Tag: psychological crime writing

Marking 100 years of Patricia Highsmith

Patricia Highsmith was born on this day 100 years ago. The American’s powerful and seductive crime fiction remains as relevant today as it ever has been.

Her debut novel, the psychological thriller Strangers on a Train, was released in 1950 to high praise – especially for her gripping, existential writing style.

Just a year later the book was adapted for the screen by Alfred Hitchcock, bringing Highsmith’s work to a larger audience. The riveting tale of how architect Guy Haines and the psychopathic Charles Bruno ‘exchange murders’ (Bruno offers to kill Guy’s unfaithful wife in return for Guy knocking off Bruno’s father) explored themes of identity and morality that Highsmith would become renowned for in the years that followed.

Her second novel would be just as dramatic, yet more personal. Writing under the pseudonym ‘Claire Morgan’, 1952’s The Price of Salt was a ground-breaking romantic lesbian novel that featured an unusual (for the time) happy ending. It was republished 38 years later as Carol, the eponymous main character being portrayed by Cate Blanchett in the 2015 film adaptation.

Highsmith’s work was gaining many high-profile plaudits, such as Truman Capote and Graham Greene, who labelled her ‘the poet of apprehension’. In 1955 Highsmith created one of the most iconic literary characters of all time in The Talented Mr Ripley, where the down-at-heel Tom Ripley senses a chance to start a new life by murdering a rich heir to a shipping company, who’s living a luxurious life in Italy, and stealing his identity. After Ripley lays on the charm and develops the courage to carry out the deed, he goes on to become a skilled con artist and serial killer in the later Ripley novels – Ripley Under Ground (1970), Ripley’s Game (1974), The Boy Who Followed Ripley (1980) and Ripley Under Water (1991).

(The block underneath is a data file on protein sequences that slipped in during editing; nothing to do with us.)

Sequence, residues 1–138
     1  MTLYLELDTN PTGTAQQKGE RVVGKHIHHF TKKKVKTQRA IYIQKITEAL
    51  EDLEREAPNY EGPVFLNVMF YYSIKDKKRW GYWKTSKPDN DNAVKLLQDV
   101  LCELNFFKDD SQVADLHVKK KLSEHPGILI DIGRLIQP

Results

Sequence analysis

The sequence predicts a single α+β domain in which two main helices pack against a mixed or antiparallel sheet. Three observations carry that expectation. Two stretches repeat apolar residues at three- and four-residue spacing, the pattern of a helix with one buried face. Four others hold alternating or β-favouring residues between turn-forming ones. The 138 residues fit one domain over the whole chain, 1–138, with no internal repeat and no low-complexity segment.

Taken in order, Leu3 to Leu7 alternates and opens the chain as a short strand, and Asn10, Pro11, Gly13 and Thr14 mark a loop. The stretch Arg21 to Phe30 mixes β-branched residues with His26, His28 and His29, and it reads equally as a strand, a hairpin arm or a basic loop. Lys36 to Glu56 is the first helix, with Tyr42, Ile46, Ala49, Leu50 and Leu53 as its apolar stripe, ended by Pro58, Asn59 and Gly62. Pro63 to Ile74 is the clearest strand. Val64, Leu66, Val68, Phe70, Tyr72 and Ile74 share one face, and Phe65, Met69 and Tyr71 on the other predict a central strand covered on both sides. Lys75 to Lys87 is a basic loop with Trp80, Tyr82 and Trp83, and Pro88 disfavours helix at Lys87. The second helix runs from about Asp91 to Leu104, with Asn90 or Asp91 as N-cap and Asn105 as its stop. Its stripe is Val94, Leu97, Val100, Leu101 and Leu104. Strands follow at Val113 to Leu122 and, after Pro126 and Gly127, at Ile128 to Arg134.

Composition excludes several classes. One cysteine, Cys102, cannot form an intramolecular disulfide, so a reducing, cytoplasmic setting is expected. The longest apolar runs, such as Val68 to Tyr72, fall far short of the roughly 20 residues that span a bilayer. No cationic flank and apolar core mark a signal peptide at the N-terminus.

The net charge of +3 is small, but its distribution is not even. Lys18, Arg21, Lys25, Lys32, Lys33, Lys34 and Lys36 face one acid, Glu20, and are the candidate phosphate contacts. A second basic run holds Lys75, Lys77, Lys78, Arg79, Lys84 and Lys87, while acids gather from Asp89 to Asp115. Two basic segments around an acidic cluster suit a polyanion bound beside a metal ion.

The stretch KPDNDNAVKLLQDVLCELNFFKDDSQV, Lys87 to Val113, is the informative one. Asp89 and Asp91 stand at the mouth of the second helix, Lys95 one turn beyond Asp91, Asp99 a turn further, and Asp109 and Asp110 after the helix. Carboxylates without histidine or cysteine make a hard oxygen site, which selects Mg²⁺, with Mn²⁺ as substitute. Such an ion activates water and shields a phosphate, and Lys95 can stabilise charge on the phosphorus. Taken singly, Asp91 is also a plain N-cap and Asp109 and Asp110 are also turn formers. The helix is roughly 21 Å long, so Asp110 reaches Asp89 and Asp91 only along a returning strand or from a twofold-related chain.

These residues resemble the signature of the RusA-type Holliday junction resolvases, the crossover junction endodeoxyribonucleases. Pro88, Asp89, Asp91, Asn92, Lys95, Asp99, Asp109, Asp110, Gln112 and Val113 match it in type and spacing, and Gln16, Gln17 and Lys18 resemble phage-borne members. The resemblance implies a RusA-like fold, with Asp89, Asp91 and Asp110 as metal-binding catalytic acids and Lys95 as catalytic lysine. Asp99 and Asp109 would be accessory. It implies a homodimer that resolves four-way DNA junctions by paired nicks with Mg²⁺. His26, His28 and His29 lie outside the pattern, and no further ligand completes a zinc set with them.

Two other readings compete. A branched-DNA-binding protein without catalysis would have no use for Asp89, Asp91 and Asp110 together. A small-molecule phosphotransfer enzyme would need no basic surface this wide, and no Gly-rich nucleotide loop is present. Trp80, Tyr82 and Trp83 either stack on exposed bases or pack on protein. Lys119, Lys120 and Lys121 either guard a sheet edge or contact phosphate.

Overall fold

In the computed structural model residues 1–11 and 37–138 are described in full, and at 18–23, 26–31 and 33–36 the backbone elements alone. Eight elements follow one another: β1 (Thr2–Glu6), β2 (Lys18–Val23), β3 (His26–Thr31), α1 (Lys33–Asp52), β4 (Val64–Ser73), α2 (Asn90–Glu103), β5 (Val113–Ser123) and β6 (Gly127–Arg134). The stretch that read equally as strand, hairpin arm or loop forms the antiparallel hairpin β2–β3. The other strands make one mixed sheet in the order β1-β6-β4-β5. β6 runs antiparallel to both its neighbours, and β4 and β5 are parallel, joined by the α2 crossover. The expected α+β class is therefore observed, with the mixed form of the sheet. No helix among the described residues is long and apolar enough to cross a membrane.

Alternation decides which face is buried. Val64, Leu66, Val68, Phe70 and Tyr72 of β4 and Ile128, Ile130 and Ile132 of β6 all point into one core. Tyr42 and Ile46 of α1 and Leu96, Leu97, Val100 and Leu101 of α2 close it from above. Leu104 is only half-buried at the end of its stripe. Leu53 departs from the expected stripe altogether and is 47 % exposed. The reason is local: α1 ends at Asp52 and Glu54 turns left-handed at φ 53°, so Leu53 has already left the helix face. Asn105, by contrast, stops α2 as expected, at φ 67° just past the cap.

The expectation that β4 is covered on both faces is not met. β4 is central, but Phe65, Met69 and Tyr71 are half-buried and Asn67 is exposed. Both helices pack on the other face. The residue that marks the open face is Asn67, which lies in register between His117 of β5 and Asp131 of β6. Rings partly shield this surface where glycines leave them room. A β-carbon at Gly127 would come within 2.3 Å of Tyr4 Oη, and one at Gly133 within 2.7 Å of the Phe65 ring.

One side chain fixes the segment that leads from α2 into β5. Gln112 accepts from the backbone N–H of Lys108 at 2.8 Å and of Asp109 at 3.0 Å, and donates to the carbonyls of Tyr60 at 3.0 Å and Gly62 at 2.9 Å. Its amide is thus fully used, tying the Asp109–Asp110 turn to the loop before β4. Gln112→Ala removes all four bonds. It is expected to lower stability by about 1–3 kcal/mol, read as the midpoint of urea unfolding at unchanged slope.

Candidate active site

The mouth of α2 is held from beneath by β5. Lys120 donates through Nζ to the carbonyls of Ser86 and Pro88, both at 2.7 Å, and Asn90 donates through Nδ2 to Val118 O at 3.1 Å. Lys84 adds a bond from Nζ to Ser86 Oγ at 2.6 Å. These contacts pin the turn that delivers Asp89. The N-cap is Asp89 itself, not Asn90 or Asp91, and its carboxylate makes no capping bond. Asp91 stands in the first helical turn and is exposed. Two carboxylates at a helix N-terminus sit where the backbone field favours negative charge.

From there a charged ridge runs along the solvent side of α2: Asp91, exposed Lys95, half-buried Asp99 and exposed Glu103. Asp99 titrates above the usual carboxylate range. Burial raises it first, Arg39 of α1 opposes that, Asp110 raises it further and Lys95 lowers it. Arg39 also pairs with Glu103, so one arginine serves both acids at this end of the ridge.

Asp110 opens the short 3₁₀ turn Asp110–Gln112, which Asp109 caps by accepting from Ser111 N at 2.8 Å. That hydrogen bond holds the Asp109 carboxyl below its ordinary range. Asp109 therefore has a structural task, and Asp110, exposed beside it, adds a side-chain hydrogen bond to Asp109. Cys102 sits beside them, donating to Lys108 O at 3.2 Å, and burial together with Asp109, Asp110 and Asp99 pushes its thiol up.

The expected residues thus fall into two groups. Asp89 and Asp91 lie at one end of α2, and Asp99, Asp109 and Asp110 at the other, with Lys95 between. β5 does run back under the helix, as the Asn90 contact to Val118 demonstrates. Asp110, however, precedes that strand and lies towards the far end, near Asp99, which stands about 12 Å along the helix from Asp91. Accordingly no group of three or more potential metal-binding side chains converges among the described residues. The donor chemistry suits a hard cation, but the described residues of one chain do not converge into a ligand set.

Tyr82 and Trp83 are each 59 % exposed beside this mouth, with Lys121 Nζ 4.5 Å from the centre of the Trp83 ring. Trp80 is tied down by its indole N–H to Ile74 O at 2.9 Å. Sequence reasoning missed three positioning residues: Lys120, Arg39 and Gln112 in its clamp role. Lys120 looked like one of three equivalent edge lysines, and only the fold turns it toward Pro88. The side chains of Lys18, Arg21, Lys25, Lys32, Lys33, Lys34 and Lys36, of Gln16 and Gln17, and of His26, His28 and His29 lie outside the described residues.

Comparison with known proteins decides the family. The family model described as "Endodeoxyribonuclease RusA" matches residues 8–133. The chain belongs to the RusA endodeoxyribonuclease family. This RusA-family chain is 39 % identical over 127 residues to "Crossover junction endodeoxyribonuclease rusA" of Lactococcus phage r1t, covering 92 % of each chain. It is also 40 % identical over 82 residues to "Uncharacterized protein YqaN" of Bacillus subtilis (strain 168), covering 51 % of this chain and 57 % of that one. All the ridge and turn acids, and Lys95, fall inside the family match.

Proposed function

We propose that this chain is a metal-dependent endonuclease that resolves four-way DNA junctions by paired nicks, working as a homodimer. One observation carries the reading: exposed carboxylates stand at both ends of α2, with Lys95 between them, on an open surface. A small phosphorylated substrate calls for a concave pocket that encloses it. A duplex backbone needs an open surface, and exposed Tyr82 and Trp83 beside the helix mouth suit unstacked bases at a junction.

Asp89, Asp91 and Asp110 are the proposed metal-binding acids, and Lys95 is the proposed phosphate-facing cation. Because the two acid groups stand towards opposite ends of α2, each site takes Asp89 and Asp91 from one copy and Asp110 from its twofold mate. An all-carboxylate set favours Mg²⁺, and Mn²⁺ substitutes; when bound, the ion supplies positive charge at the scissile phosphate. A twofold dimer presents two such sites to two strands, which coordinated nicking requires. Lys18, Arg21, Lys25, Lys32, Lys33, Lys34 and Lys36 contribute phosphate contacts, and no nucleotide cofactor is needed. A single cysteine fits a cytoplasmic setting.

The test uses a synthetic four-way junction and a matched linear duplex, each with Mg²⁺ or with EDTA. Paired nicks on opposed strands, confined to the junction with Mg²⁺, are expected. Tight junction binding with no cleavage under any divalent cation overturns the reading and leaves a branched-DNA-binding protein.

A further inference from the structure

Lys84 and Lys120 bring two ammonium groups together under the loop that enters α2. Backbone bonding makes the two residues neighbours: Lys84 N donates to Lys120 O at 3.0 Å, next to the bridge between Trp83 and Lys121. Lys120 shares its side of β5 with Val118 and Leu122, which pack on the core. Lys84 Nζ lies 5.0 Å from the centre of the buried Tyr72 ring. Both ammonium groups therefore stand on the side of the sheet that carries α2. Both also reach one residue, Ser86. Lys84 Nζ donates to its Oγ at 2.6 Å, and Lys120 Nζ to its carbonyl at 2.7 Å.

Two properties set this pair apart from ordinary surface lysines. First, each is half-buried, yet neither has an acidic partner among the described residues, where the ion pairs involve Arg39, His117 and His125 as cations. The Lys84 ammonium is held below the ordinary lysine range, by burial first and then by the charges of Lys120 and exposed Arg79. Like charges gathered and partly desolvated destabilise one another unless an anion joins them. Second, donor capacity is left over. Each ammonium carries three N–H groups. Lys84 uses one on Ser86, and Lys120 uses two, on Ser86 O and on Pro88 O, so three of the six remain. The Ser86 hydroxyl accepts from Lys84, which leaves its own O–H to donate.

But despite the literary success, life wasn’t easy. Writing became a form of escapism and clarity for Highsmith, who suffered a troubled existence away from the typewriter. She endured several cycles of severe depression, developing a cynical, lonely and hostile persona – worsened by her dependency to alcohol. The intimate sexual relationships she formed, mostly with women, didn’t last long.

In 1982 she moved from New York, where she’d lived since she was six, to Switzerland, where she lived a remote existence until she died in February 1995, aged 74.

She left behind a body of work – 22 novels and nine short story collections – that few authors could match in quality or meaning. Highsmith was brave enough to explore her own instincts, ambitions and fears within her fiction, which in turn made it easy for readers to identify with her flawed characters and their tales of forbidden love, complex personal liaisons or starting over, all laced with fascinating psychological intrigue.